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Amuse Bouche: Our Culinary Roots from Executive Chef Scott Mechura

In America, we tend to have a myopic view of food and its origins, but as a nation comprised mostly of non-indigenous people, it stands to reason we have adopted ingredients and cuisines from all over the globe.

But every place tells a similar story about food origins. Here are a few misconceptions:

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Crabapple Picking in the Gallatin Valley Autumn

Just about 5 years ago to the date, I attended a jam and jelly making class, put on by Blue Chair Fruit‘s Rachel Saunders.  This class changed my life forever (Kris describes it as “possessed”).  That fall, I purchased a freezer full of local fruit while in season. I made jams, jellies, marmalades, butters, sauces–you name it. Every waking moment I was thinking about what I could put in a jar next. Every day off all winter long our house smelled just like grandma’s on a Sunday. So fast forward. I finally realized I missed one important part of Rachel Saunders’ class.  Rachel preached “pick what is in season and process it when it is in its prime and ripe”.  So now I try to pick and process as much as possible while fresh.  Ok, I still have fruit that I freeze, but let’s face it, “in-season” tends to happen all at once in Montana. Here is a recent foraging excursion Kris and I went on two weeks ago, and the fruits of our labor.   The trees were loaded this year, and in no time at all we had 25 lbs of tart little crab apples. Now starts the discussion about what to make? I am…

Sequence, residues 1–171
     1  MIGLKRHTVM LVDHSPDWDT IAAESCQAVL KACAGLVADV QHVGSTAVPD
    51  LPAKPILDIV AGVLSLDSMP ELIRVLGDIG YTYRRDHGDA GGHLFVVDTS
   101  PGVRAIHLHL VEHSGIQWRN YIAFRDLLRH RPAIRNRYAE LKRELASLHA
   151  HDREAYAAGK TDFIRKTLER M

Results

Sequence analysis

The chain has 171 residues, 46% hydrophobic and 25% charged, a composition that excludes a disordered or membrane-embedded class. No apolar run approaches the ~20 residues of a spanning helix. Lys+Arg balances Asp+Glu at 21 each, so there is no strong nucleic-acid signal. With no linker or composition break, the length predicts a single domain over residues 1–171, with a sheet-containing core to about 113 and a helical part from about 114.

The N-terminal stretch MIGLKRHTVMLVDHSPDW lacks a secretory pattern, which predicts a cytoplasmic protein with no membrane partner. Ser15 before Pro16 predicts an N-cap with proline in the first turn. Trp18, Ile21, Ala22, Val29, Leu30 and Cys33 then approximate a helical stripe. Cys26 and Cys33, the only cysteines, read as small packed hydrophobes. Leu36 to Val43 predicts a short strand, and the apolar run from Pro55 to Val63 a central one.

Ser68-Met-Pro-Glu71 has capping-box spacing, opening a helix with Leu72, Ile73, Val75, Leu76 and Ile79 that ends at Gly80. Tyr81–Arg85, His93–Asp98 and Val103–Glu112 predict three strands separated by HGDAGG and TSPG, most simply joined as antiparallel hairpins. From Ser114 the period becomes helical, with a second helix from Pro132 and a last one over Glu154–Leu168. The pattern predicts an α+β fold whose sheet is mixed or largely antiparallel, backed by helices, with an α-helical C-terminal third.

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Amuse-Bouche: Is Gluten Free A Trend? from Executive Chef Scott Mechura

I see food trends come and go, and in chefs’ circles we often try to predict how long a particular trend will last. We usually all agree: not very long. And we’re usually right.

The gluten-free diet seems to be front and center as the current haute food trend. As a chef, I initially believed it to be just that, a trend. But maybe now it’s time to eat crow.

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Amuse-Bouche: The Latest Bite from Executive Chef Scott Mechura

In America, we tend to have a myopic view of food and its origins, but as a nation that is comprised of many non-indigenous people, it stands to reason we have adopted ingredients and cuisines from all over the globe. Even right here at home, Native American diets, like most peoples, varied regionally, but three ingredients (affectionately know as the “three sisters”, remained staples throughout the entire future United States: Squashes, beans, and corn (corn and it’s history is worthy of a whole entire conversation on its own). But every continent tells a similar story…